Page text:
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Libya / Syria: Mother and son restore contact

09-12-2013 Feature

Siham comes from Syria. More than a year ago, her grandson Fahd went missing and never came back. All that she and her family know is that he was killed. "Nothing else," she says. The pain is devastating.

The exodus

Afraid that the same thing might happened to her youngest son, 77-year-old Siham decided that both of them should escape to Libya. Her older son Nidal stayed behind to look after the rest of the family while Marwan took his mother across the border into Lebanon and then to Egypt, on their way to Libya. When they got to the Egyptian/Libyan border Siham was allowed through, but not her son.

A Libyan businessman was on his way back from a business trip to Egypt. "Some people told me about this old lady who was all alone at the customs building, not knowing where to go," explained Al-Tuhami Shilta. "The only thing I could do was to offer her shelter in my house in Misrata for as long as she needed," he explained. "She could have been my mother."

Siham settled in Misrata with Al-Tuhami's family. But months passed without any news of her son. "He has been taking good care of me," she said. But she missed her sons: "Every night, I cried and prayed to God to reunite me with Marwan."

In Misrata, Al-Tuhami looked for possible relatives or acquaintances of Siham. "I tried my best. No one knew her."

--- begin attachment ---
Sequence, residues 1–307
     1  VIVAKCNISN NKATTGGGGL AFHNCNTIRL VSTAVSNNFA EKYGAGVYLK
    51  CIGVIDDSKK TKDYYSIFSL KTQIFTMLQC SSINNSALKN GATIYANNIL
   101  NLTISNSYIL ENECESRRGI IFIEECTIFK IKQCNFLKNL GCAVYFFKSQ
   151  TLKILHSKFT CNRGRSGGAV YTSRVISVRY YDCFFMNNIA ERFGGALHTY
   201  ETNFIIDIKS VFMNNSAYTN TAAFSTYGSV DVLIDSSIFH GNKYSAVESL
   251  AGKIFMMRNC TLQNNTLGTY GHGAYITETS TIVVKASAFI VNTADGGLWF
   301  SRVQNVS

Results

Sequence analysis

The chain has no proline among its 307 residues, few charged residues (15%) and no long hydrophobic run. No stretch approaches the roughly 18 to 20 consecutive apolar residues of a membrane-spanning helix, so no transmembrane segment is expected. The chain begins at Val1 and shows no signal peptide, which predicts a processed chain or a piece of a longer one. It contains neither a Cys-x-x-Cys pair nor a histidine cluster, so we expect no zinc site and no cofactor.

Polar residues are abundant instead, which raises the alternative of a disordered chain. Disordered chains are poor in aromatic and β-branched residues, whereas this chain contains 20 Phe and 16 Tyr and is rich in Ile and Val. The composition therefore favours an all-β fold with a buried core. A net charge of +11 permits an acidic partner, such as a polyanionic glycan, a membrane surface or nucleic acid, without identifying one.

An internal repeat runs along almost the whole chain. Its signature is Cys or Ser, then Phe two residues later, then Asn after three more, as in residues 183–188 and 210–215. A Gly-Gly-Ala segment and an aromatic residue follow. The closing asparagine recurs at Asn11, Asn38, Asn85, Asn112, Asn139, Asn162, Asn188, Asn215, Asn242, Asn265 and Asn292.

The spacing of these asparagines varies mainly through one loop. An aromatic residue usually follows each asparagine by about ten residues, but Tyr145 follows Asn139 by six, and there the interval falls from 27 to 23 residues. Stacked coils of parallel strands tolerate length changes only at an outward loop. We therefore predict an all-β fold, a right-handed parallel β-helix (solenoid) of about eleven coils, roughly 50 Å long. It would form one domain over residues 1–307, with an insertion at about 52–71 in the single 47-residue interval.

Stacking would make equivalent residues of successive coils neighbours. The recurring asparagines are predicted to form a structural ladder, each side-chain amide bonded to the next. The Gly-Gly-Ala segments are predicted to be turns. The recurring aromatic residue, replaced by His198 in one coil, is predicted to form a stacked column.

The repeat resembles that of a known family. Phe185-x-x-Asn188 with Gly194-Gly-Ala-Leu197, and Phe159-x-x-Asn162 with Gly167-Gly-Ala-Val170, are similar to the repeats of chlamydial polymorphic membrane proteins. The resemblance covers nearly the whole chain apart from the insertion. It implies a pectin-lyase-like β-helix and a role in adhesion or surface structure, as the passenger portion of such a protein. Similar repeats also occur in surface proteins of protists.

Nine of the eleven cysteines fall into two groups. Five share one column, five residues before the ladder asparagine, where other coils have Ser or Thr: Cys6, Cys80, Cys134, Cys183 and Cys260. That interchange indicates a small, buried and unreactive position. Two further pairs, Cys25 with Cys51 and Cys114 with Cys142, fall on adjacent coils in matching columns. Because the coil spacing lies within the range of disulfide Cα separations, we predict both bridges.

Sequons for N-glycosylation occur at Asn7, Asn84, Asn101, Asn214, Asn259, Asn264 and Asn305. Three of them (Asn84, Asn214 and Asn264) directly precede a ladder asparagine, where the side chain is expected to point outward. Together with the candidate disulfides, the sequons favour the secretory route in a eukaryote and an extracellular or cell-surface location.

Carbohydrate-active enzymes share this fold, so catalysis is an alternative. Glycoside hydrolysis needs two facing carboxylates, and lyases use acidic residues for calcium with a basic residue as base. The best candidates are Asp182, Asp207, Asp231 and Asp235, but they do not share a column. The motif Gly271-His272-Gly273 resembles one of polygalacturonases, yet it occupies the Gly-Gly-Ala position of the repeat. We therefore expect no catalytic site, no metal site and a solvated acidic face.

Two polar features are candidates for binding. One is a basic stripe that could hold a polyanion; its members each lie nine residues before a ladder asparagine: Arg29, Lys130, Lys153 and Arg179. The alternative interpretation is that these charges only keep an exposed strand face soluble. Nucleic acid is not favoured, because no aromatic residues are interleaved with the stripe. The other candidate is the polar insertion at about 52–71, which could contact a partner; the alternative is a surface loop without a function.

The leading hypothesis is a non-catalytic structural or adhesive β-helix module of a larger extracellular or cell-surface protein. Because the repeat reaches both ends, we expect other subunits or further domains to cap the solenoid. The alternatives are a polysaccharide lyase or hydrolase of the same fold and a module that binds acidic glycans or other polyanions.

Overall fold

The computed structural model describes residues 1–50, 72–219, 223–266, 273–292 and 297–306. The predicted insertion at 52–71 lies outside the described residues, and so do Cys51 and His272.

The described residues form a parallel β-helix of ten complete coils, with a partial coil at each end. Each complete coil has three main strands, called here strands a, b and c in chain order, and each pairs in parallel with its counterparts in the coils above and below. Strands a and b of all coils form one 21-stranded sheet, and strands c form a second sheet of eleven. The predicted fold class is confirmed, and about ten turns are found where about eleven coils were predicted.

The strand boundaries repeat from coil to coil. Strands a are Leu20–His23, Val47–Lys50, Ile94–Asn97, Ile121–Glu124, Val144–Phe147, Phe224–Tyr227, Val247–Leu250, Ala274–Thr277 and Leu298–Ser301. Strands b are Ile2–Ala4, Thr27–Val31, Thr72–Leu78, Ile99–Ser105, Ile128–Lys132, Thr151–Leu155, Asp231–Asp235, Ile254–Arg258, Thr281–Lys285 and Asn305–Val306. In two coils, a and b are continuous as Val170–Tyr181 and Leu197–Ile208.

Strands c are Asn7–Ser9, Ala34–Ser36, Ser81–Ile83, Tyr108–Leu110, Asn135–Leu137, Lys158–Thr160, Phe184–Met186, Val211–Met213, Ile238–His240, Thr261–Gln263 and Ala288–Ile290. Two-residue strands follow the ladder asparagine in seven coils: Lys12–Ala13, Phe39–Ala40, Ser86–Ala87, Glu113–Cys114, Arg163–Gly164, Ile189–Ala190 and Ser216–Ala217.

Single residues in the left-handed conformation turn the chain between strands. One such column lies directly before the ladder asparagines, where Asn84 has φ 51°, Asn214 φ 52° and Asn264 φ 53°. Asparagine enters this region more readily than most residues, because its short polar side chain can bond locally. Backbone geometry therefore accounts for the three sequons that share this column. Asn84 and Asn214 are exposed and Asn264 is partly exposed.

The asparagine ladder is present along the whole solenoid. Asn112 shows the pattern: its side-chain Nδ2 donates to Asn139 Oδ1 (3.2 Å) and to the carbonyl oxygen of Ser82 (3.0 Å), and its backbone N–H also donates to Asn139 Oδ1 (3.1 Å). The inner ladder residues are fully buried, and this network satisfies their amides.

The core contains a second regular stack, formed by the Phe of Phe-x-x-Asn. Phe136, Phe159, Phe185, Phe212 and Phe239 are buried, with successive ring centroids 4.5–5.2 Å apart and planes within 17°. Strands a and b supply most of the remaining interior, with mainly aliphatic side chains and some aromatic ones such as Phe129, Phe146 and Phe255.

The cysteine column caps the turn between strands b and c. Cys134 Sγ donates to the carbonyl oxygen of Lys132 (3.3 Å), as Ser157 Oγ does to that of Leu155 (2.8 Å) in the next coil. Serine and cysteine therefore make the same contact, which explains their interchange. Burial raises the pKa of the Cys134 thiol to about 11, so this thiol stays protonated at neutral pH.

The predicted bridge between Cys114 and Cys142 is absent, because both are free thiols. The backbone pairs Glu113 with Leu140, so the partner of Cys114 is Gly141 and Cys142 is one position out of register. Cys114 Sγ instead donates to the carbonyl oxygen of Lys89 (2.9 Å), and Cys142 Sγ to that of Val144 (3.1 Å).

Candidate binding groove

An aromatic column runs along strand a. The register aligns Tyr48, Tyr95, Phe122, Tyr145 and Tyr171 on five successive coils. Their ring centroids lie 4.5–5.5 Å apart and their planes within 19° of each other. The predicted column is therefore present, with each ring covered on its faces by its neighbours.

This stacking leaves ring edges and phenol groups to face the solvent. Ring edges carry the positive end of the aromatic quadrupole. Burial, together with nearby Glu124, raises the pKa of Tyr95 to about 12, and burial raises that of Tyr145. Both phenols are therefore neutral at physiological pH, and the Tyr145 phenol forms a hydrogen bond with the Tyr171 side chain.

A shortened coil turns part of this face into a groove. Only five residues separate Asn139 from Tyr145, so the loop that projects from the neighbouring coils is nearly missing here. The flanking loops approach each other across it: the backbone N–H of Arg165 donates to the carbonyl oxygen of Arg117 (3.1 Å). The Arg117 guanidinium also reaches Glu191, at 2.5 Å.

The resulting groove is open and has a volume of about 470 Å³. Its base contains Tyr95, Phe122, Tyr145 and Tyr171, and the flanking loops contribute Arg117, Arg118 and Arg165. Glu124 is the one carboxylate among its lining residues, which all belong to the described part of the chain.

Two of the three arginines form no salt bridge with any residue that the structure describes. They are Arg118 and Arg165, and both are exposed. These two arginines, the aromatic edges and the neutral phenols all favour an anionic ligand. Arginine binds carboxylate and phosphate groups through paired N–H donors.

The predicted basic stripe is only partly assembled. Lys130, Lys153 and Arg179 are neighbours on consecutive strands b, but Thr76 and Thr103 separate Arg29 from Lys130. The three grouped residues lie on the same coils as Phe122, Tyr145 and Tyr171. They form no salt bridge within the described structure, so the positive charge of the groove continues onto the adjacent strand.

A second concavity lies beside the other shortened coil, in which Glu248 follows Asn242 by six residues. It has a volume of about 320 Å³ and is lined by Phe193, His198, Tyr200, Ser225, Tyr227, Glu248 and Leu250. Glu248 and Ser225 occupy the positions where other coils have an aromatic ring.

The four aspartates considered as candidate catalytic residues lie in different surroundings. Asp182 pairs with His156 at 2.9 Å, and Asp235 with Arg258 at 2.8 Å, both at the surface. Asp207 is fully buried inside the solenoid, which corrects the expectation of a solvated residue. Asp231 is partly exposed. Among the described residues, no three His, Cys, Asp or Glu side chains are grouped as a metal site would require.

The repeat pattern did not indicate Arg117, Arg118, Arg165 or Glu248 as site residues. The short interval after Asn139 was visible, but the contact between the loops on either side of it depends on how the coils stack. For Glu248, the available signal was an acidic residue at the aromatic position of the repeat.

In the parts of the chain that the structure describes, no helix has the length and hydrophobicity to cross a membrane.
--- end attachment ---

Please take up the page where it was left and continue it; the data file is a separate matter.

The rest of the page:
Hope at last

A year passed. Her other son managed to contact her from Egypt, where he was living with the rest of the family. But the changing situation in Egypt meant they were unable to join her in Libya and Siham still had no news from Marwan. Unable to enter Libya, he had continued his journey, eventually ending up in Sweden.

Marwan knew the name of the person taking care of his mother in Misrata, even though he had never met him. Somebody advised Marwan to approach the Swedish Red Cross. They asked him to write a Red Cross message to his mother and a "tracing request" was officially opened. The search then started through the vast network of the Red Cross and Red Crescent Movement.

For ICRC delegates who visited prisons in Misrata, the name Shilta seemed familiar; it was also the name of a person they had met in the course of their work. A simple telephone call confirmed that Al-Tuhami Shilta was the nephew of the person they had met, and that he was looking after Siham.

The ICRC and the Libyan Red Crescent got in touch with Siham and arranged a phone call between her and Marwan. In early October, the ICRC team visited her at Al-Tuhami’s house. Siham finally spoke to Marwan by phone, tears of joy running down her cheeks. "When will I see you?" she asked.

When the call ended, Siham asked for the Red Cross Message her son had sent. She kissed the letter, and held it close to her heart. A gleam of hope shone in her eyes. Finally, she was a step closer to her son. "Insha'Allah, soon we will be together again. The worst might be over for us."


Photos

Al-Tuhami has been hosting Siham for almost a year.  

Misrata, Libya.
Al-Tuhami has been hosting Siham for almost a year. "She's welcome to stay in my home until she's ready to join her son," he told us.
© ICRC

Siham became separated from her son near the Libyan-Egyptian border in autumn 2012. He ended up in Sweden, and they lost contact when he lost his phone. Now she has finally been able to speak to him again. 

Misrata, Libya.
Siham became separated from her son near the Libyan-Egyptian border in autumn 2012. He ended up in Sweden, and they lost contact when he lost his phone. Now she has finally been able to speak to him again.
© ICRC